With its backdrop of majestic mountains, thick oak groves, lush landscaping, and stunning beaches, Montecito’s charms have seduced moguls, magnates, and movie stars for over a hundred years.
Nature has played a vital role in the seduction by providing a backdrop of hot springs, cold springs, waterfalls, and the Pacific Ocean that has provided a retreat-like environment long before its modern inhabitants.
One of the wealthiest neighborhoods in the nation as well as home to some of the most coveted real estate in the world, Montecito is home to regal estates as well as more modest single-family properties. It’s also home to two, quaint business districts. The Upper and Lower Villages offer outstanding shopping and dining opportunities in this upscale community, and beautiful estates and award-winning schools surround both.
Since the 1880s, prominent people from around the world began vacationing in Santa Barbara and the adjacent town of Montecito in search of a temperate climate – often for health reasons. Regardless, the fantastic weather and luxurious lifestyle captivated many who quickly established their roots here.
Today, Montecito harbors many celebrities and regular townsfolk alike, who share commonalities of shopping, dining, and the enjoyment of life.
While the Montecito area is home to great restaurants, shopping, and world-renowned hotels such as San Ysidro Ranch and The Biltmore, its natural assets are the real stars of the show. Montecito is home to some of the most charming beaches in California with miles of white sandy beaches. Frequented by surfers and paddle-boarders, Hammond’s and Butterfly Beach are the mainstays of the show. Butterfly Beach and its west-facing direction lend to captivating sunsets- and for pet lovers, it’s one of a few places in the county where you can walk your dog on the beach without a leash.
Once rejected as a possible site for Santa Barbara’s Mission because it was too far from the protection of the Presidio, early Montecito was known as a dangerous place, where outlaws and grizzly bears hid in the wooded canyons. During its history, this unique and beautiful area has been home to Indians, Spanish and Yankee settlers, agricultural pioneers and eastern millionaires in search of the perfect climate.
During Santa Barbara’s Hispanic era, roughly from 1782 to 1846, soldiers of the Presidio who reached retirement age were given parcels of land in lieu of long overdue pay. These Spanish and Mexican land grant properties extended for many miles, from the mountains to the beach. A number of soldiers and their families chose to settle in an area just west of what is now the intersection of East Valley Road and Hot Springs Road. Between that corner and the banks of Montecito Creek, Montecito’s first residential settlement – now known as Old Spanish Town – was established.
Montecito’s early landmarks were the Big Grapevine (“La Parra Grande”) and the Hot Springs, where a hotel and spa once welcomed people hoping to find relief for their ailments in the curative waters. Both the grapevine and the health resort are long gone, but three original adobes from Spanish days – the San Ysidro Ranch adobe, Masini adobe and Juarez-Hosmer adobe – remain important links to Montecito’s past.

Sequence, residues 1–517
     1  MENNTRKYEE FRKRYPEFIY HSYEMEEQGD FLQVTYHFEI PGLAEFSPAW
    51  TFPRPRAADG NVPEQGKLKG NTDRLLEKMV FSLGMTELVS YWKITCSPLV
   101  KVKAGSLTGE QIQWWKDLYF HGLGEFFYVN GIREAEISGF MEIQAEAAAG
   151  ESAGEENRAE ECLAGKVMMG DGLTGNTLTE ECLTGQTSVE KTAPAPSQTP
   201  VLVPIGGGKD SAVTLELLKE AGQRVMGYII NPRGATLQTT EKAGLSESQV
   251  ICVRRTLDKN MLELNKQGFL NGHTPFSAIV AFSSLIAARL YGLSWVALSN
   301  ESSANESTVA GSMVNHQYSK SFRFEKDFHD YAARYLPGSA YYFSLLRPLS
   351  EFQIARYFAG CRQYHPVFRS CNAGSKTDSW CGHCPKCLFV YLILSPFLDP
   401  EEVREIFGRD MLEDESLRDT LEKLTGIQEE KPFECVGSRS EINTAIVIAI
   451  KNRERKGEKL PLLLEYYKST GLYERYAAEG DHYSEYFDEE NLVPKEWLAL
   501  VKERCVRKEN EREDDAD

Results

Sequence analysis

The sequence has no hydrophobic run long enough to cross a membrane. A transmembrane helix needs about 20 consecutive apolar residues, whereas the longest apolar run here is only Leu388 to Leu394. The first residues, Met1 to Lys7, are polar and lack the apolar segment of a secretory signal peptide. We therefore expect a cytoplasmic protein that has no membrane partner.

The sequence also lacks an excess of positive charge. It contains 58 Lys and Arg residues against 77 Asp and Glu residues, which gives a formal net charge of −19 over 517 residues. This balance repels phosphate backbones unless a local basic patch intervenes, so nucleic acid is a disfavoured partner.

The first wave of Yankee settlers were enthusiastic horticulturists who found Montecito’s soil, air and climate perfect for growing experimental crops, developing citrus and other exotic fruits along with the usual varieties. Some of the new farms also had large areas devoted to the serious cultivation of ornamental trees, plants, and flowers.
Santa Barbara’s early tourists soon discovered the nearby rustic “Eden” with its flourishing farms and gardens, and from the late 1800’s on, many affluent eastern visitors built impressive estates in the Montecito Valley. Through the years they were followed by others: the “Hill Barons” whose mansions commanded the finest views from foothills and ridgetops, and wealthy industrialists who established magnificent estates in the valley to use primarily during the winter months. By the giddy 1920’s, Montecito had become known as an enclave of millionaire socialites whose lives revolved around polo, parties, tennis and country clubs. Despite all evidence to the contrary, it is an image that persists, even today.
But there was always another side of Montecito: merchants, craftsmen and those who provided services. They set up the shops, tailored clothes, took care of the horses and autos, taught school, tilled the soil and produced crops, built stone walls and fashioned wrought iron gates. Around the corner of East Valley and San Ysidro, a business area gradually developed – a general store, blacksmith, butcher shop – followed in time by a post office, library and community hall. This once-rural intersection is now the home of busy shopping centers Montecito Village North and South, along with professional and financial offices.
Montecito’s earliest recognition as a citrus-producing valley came largely from the success of Crocker-Sperry Ranch – now the site of Birnam Wood Golf Club – and San Ysidro Ranch, which later replaced citrus operations with paying guests to become the celebrity hideaway that it is today.
The 1929 Stock Market Crash, and the Depression which followed forced even the wealthiest estate owners to reconsider their expenses here. Some simply closed places, while others sold off property for subdivision.
Today, Montecito is an interesting mixture of large estates, slightly smaller homes on subdivided property, and modest houses of varying styles and sizes. On the remaining available land, new construction is now spreading to the southeast and up into the mountains – another wave of settlers coming to Montecito determined to make it their own!